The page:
Everybody thinks we've got this rapidly accelerating job market. If the consensus is right, or even if it is a little bit better than the consensus, it's really not anything particularly to write home about. It's just more of the same.
Stipp: On Friday, you mentioned that we're going to look at manufacturing and construction to see if we're seeing some of the themes from ADP carry through. You're also going to look at retail. What are you going to be looking for there?
Johnson: Retail had an early start this year, and it has been getting a little bit earlier every year, and the hires come a little bit earlier. But if retailers saw a soft season, I'm a little bit worried that maybe they cut back on the hiring a little bit in December. So we'll have to watch that sector very closely. If the numbers are a little weak, I'm going to guess that's where some of it might be.
The other category that I'm watching closely, which is usually a positive in the month of December, is the courier category--UPS, FedEx, and others add more drivers and assistants in December to help deliver those packages. Whether or not they hired enough this time around, it's clear that they probably didn't. But in any case, that tends to boost the numbers in December, and then they fall off in January at least until the seasonal factors can catch up with the reality of more online shopping. So, if we see a really outsized number on the upside, the first place I'm going to be looking is the courier category.
Stipp: In the past, we have talked about the connection between the employment growth rate and GDP. And we've also talked about how there are some pretty hefty expectations for GDP in 2014. What kind of employment should we see if we're expecting, or if someone is expecting, to get to a 3% [GDP] growth rate this year? It's not going to be 190,000, right?
Johnson: No, that's right. You would probably need to see something closer to 300,000 jobs to get to the 3% to 3.5% [2014 GDP growth] that the bulls are really out there with. Some of the growth might come a little bit [later in the year], but in any case this 190,000 we're all looking at for December, even if its 200,000 or 210,000, it really doesn't get us into the neighborhood where we'd be growing at the 3% or 3.5% [GDP rate] that some people are forecasting. We'd have to see a much bigger employment number than we are seeing right now.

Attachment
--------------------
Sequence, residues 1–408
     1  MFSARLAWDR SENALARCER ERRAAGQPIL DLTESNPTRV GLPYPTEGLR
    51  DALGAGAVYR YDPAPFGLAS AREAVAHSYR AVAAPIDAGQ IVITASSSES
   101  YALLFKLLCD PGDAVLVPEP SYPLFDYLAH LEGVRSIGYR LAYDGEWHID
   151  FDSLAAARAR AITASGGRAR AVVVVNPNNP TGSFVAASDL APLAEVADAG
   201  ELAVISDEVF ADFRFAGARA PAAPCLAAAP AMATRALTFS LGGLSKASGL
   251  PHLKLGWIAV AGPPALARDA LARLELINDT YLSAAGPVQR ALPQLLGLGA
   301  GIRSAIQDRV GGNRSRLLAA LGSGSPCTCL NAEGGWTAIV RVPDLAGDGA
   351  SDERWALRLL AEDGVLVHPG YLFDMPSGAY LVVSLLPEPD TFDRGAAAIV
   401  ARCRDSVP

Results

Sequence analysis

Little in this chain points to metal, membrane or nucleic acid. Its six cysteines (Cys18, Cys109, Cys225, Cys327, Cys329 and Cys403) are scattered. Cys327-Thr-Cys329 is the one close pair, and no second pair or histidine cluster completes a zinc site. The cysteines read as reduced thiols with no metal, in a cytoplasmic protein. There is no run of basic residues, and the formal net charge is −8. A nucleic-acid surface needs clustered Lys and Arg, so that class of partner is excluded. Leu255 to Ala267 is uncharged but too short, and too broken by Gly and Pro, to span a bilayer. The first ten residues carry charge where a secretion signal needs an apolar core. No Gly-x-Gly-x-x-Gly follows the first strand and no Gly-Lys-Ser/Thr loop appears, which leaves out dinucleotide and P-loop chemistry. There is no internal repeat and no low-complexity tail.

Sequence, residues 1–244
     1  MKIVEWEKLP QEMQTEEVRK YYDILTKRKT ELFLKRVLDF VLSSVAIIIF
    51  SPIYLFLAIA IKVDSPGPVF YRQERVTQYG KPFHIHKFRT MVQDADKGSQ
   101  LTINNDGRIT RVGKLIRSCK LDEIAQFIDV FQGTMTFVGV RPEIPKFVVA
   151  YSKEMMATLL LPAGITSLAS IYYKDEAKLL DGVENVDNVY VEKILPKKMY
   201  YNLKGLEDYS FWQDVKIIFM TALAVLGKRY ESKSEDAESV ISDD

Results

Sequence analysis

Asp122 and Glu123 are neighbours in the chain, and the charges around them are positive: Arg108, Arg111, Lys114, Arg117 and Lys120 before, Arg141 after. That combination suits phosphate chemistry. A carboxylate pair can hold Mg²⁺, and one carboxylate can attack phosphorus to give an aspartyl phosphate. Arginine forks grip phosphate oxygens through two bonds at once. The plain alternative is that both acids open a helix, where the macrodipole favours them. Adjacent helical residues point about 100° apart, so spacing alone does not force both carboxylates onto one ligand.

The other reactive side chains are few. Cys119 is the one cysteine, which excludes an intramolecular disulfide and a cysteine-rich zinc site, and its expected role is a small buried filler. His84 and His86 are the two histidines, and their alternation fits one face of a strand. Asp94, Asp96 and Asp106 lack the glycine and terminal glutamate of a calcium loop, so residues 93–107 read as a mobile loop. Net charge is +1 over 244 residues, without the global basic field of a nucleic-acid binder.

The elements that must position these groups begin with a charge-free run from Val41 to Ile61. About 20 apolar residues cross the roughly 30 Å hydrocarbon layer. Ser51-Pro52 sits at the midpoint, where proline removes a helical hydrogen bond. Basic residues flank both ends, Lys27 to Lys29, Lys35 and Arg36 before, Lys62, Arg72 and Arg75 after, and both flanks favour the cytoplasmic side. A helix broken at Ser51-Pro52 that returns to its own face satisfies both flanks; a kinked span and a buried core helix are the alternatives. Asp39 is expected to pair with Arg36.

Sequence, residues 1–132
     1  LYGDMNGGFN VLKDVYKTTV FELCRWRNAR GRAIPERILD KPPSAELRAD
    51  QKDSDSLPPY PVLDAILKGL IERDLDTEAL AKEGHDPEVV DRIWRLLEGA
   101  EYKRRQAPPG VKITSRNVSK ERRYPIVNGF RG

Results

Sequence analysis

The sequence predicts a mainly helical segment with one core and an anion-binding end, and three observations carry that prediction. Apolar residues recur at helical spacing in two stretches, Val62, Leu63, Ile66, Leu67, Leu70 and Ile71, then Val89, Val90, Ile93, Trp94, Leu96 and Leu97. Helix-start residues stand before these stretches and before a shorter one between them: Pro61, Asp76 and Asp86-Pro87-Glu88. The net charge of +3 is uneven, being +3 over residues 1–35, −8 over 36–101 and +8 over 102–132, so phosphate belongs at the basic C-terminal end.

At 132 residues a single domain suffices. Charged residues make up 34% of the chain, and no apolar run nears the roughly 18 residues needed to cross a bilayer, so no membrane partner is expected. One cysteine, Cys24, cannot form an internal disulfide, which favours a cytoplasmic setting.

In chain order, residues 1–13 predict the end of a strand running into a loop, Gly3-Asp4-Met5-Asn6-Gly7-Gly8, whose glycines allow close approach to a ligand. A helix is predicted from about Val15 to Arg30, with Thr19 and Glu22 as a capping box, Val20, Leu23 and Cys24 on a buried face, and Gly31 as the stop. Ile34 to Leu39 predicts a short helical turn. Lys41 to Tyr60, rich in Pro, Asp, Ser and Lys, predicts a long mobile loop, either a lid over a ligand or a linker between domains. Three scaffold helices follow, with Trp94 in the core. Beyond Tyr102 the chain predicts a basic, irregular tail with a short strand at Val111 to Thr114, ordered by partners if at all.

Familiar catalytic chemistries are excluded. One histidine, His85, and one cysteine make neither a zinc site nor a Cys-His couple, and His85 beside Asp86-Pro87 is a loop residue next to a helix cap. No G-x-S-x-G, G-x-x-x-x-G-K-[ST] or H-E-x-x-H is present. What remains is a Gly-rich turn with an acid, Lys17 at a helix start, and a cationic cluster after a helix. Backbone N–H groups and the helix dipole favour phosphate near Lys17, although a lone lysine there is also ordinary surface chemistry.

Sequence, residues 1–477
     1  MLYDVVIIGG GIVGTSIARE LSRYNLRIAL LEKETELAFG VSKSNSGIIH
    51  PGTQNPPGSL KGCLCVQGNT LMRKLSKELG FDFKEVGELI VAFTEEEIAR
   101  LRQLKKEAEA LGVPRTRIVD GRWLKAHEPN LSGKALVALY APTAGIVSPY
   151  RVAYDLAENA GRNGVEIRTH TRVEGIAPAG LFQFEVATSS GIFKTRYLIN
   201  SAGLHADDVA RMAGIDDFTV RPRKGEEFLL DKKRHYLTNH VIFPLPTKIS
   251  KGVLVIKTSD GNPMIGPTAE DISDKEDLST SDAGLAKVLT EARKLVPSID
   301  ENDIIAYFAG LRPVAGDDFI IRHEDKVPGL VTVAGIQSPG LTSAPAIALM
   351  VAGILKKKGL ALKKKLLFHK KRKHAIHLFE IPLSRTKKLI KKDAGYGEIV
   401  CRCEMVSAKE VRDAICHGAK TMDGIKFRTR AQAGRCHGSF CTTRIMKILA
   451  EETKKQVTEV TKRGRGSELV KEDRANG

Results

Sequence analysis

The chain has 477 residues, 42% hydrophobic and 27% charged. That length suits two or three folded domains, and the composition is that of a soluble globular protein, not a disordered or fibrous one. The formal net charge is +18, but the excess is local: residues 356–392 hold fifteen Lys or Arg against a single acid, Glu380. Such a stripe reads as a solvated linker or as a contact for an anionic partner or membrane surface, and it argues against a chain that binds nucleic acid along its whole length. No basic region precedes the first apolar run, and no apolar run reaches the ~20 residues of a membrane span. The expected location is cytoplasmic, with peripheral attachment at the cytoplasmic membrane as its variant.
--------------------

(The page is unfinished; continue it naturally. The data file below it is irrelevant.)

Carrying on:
Stipp: If you're expecting that 3% or 3.5% GDP, it's implying that you're essentially expecting the job market is going to accelerate from what we're expecting to see in this December report.
Stipp: [Based on] where you think GDP is going to come in, how many jobs per month does that imply?
Johnson: I'm [forecasting] 2% to 2.5% [GDP growth in 2014], and at the 2% level, we're probably looking at about 190,000 jobs or so, and at the 2.5%, something closer to 250,000 jobs.
Stipp: If we get in that range, we're a little bit closer to--at least right now--what your view of GDP might be for 2014?
Stipp: Last thing, Bob: Consensus is that [the unemployment rate] is going to stick around 7%. Do you agree with that?
Johnson: I think that's good. A lot of people are thinking [because extended unemployment benefits have expired] that maybe a lot of people will drop out of the workforce. Well, the last day they got paid was Dec. 28 on that program. So that won't come until January, and then I would expect a pretty good drop in the participation rate and in the unemployment rate for the month of January, which won't necessarily be good news--that is unless that program gets extended. But it shouldn't have a big effect on the December numbers. I imagine we've stayed pretty much where we're at. People say they're feeling a little bit better. That would tend to imply that maybe a few more people might actually have looked for work in December.
Stipp: Bob, it sounds like you shouldn't expect a number quite as high as the ADP report, but even if we get that number you probably shouldn't get too excited about this December employment report. Thanks for these great guideposts to help us understand the data on Friday.
Johnson: Thank you.
Stipp: For Morningstar, I'm Jason Stipp. Thanks for watching.